Reverb is installed adjacent to the General Motors Centre (GM Centre), Durham Region’s premier sports and recreation facility, and the venue of the boxing and weightlifting events of the TORONTO 2015 Pan Am Games. The work was purchased with the financial support of the RMG Acquisition Fund and the Canada Council for the Arts Acquisition Assistance Program.
The sculpture is impactful, standing at 19’ high. The curved form implies a megaphone, an amphitheater and stage, a net or goal, asReverb reflects the activities that occur in the GM Centre. The ‘blurb’ shapes on the structure represent the fans and are positioned like a rake of seats. A microphone positioned above centre ice inside the GM Centre will transmit a signal to the lights within the steel structure, transforming the sound into coloured beams of light around the sculpture that will be triggered every time the crowd inside cheers.
Reverb is full of meaning and references. The laser cut stainless steel references industrial production and the facets align Oshawa’s history as a port city and as an industrial capital. In addition to celebrating the City’s participation in the TORONTO 2015 Pan Am/Parapan Am Games, the project reflects narratives that have meaning to the community and the public space that the work occupies.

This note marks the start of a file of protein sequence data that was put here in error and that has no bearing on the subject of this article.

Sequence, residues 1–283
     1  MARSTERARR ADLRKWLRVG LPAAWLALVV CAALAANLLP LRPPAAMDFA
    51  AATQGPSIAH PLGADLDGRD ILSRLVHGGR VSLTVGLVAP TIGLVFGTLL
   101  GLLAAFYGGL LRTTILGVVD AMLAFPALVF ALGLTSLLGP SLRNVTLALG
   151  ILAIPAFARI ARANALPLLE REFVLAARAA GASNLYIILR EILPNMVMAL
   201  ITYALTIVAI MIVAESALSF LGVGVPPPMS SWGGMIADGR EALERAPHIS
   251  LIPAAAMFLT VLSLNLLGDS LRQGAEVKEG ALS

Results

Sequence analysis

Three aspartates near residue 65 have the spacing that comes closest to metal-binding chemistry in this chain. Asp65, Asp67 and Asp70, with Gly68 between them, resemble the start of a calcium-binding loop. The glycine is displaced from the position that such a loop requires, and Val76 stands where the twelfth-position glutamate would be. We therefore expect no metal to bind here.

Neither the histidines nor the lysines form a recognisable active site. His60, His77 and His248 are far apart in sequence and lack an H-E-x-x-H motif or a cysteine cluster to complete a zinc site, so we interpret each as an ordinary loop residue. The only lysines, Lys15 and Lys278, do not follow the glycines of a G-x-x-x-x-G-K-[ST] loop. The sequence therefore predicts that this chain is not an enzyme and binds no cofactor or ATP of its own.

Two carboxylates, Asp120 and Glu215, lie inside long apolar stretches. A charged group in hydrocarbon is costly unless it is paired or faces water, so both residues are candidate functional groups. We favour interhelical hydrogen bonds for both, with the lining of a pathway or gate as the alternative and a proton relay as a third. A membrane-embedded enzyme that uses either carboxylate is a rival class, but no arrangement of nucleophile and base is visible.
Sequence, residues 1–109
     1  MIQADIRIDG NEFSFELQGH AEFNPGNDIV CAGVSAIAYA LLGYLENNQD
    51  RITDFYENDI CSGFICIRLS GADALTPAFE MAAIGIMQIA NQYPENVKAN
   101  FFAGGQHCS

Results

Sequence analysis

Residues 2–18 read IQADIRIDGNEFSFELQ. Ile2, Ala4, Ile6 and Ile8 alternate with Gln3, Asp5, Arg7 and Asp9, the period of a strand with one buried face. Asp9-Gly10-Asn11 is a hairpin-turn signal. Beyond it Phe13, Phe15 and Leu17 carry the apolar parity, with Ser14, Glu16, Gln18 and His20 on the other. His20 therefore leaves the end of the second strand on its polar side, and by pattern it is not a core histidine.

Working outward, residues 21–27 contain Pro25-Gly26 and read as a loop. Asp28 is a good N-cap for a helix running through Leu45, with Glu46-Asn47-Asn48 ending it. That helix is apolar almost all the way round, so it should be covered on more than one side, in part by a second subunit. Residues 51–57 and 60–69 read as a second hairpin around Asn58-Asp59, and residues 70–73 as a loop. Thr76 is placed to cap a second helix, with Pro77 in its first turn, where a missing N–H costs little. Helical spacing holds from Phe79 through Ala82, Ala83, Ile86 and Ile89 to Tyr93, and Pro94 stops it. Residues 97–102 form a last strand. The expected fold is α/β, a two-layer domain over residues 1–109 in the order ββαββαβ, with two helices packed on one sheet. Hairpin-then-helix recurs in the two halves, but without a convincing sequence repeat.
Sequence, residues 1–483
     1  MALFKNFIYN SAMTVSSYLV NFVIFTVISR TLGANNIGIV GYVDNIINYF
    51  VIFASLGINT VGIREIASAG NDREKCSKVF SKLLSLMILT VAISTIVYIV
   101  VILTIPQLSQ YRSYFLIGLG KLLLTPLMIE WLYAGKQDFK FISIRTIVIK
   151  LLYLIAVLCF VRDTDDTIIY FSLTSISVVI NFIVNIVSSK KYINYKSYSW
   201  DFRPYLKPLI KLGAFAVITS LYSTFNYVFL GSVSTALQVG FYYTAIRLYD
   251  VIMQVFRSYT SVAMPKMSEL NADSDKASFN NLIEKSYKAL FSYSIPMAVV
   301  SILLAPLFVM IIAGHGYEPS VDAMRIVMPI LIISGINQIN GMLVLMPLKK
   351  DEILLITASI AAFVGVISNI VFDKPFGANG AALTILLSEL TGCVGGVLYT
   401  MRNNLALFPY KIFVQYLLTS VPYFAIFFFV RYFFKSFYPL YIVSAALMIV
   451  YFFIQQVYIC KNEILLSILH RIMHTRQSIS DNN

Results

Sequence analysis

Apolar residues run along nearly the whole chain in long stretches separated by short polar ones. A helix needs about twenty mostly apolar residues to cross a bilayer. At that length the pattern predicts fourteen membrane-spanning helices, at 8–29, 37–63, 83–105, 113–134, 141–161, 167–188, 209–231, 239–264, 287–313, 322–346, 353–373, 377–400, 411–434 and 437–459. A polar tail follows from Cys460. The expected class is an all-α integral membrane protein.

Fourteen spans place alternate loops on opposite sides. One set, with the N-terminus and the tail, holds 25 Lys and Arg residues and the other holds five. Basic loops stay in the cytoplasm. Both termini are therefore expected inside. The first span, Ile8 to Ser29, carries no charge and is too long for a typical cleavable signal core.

Noel Harding produced video art in the 1970’s, video projection and installation in the 1980’s, kinetic installations and sculpture as theatre in the 1990’s. His work for the last 20 years is in public art where landscape and environment are paramount. In general, his work is an engagement in public urban realities: planning, envisioning, and mapping. He has exhibited and lectured internationally and his work is included in collections at the Vancouver Art Gallery, the National Gallery of Canada, the Art Gallery of Ontario, the Museum of Modern Art in New York, the City of Amsterdam and the Hara Museum, Tokyo.